With the exception of India, BRIC equities have been disappointments once again in 2014. That after a 2013 in which all four of the largest single-country BRIC ETFs finished lower, led by an almost 18% loss for the iShares MSCI Brazil Capped ETF (EWZ).
Strip out the WisdomTree India Earnings Fund (EPI) and the major BRIC ETFs have again been duds in 2014 as EWZ, the Market Vectors Russia ETF (RSX) and the iShares China Large-Cap ETF (FXI) are down an average of 13.3%. [India ETFs are BRIC Leaders]
The struggles of BRIC ETFs come as the group struggled mightily in two of the past three years. Those struggles also shine the light on concept being offered by some new ETFs: Ditching BRICs while keeping emerging markets exposure. One of those ETFs is the SPDR MSCI EM Beyond BRIC ETF (EMBB) . EMBB, which debuted in December 2013, is off 1.5% year-to-date, better than the losses of more than 3% for the Vanguard FTSE Emerging Markets ETF (VWO) and the iShares MSCI Emerging Markets ETF (EEM) . [Maybe a Catalyst for Emerging Markets ETFs]
“ Excluding the BRIC countries allows for investors to tilt portfolios toward sectors more exposed to local economies, such as consumer discretionary, and away from sectors that are more tied to broader global growth rates and commodity prices, such as energy,” said State Street Global Advisors Vice President and Head of Research in an interview with ETF Trends.
While financial services is EMBB’s top sector weight at 27.3%, often the hallmark of many diversified emerging markets ETFs, the fund does devote a combined 20% of its weight to consumer discretionary and staples names. Additionally, EMBB’s second-largest weight is a 14% allocation to technology, the sector that offered the highest level of out-performance of the MSCI Emerging Markets Index in the three-year period ending Dec. 31, 2013. [Emerging Markets Value Bets]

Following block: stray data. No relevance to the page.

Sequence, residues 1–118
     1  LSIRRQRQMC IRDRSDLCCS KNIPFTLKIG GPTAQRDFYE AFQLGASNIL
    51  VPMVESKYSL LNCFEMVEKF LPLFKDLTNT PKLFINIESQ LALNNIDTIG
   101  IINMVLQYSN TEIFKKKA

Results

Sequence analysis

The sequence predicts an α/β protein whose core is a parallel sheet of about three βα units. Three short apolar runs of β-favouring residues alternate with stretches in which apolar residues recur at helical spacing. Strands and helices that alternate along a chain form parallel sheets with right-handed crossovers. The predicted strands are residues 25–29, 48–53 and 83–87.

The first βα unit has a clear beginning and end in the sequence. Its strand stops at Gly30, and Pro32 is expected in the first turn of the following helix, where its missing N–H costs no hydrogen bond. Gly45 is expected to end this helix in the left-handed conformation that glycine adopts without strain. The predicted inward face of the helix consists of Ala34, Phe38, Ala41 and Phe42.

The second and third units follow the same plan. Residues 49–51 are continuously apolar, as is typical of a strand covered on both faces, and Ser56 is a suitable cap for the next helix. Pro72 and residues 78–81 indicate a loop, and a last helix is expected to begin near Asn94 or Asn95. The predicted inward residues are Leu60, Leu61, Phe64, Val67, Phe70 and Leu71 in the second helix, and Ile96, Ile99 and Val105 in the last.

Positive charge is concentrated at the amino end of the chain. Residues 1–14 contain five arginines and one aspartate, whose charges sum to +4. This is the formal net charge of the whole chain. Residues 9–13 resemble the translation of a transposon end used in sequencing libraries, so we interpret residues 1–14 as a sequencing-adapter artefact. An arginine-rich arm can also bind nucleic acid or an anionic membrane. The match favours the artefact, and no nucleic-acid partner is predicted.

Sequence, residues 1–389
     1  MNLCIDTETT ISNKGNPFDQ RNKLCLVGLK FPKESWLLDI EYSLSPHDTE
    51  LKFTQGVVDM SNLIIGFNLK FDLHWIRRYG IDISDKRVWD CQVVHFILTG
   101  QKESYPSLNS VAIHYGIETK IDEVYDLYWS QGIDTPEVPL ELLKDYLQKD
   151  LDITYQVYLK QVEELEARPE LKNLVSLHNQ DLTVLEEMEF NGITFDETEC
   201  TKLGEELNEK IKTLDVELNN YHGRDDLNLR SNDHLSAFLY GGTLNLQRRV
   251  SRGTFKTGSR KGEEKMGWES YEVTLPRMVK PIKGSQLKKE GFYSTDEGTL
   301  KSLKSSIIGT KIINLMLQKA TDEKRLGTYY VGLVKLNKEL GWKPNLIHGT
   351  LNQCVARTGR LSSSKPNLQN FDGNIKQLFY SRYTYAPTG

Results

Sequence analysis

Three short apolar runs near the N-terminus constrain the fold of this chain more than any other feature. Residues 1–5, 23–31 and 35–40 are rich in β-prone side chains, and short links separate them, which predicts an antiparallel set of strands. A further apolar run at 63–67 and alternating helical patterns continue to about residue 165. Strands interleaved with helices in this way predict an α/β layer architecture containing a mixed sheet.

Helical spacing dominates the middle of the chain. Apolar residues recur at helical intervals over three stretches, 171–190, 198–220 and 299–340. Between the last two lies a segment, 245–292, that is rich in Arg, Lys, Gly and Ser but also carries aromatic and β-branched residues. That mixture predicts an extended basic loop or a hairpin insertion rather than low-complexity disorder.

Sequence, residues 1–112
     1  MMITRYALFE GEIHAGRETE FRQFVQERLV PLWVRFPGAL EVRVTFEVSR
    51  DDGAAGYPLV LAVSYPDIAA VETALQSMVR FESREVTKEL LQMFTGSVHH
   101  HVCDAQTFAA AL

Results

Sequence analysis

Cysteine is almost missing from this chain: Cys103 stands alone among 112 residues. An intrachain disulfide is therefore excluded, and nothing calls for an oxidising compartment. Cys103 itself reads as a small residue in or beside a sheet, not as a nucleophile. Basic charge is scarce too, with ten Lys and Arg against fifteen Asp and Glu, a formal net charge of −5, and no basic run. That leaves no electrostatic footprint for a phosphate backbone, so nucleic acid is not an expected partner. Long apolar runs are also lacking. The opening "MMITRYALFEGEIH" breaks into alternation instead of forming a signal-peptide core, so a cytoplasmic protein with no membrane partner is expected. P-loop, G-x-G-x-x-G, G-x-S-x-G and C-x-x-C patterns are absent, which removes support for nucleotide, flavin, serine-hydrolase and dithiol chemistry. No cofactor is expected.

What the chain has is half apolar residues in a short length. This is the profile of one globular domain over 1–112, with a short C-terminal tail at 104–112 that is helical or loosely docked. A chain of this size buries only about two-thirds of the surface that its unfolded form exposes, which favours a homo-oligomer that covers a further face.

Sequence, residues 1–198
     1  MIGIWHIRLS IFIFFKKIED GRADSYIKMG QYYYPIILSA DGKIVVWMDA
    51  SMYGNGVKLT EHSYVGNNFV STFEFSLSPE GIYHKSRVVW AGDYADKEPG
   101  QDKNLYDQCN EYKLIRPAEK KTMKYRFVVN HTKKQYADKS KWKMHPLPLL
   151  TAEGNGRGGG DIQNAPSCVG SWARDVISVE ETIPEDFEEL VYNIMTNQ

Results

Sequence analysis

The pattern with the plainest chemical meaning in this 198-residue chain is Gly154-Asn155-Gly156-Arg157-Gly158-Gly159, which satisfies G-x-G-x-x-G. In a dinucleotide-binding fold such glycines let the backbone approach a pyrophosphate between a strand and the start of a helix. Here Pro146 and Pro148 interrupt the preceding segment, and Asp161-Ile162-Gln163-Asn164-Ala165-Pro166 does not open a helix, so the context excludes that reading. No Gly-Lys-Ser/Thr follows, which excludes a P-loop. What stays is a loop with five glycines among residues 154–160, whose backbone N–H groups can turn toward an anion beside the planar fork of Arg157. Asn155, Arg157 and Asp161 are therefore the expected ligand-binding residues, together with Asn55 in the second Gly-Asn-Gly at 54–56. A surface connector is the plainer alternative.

“Investing in emerging markets beyond the BRICs offers the ability to take advantage of greater future growth opportunities outside of the BRICs. Smaller emerging market countries have many of the characteristics that the BRICs had 10 years ago including a rapidly growing middle class, increased political stability and increasingly sophisticated financial markets,” said Mazza.
Excluding BRIC nations does not mean increased risk. In fact, EMBB could, over time, damp volatility due to its combined 30% weight to Taiwan and South Korea. Those are two of the most advanced, lowest beta emerging markets. The tech-heavy iShares MSCI Taiwan ETF (EWT) is up 1.5% this year, a respectable performance among single-country emerging markets ETFs. South Korean shares have recently perked up as the iShares MSCI South Korea Capped ETF (EWY) is higher by nearly 4% since the start of February.[South Korea Still Offers Opportunity]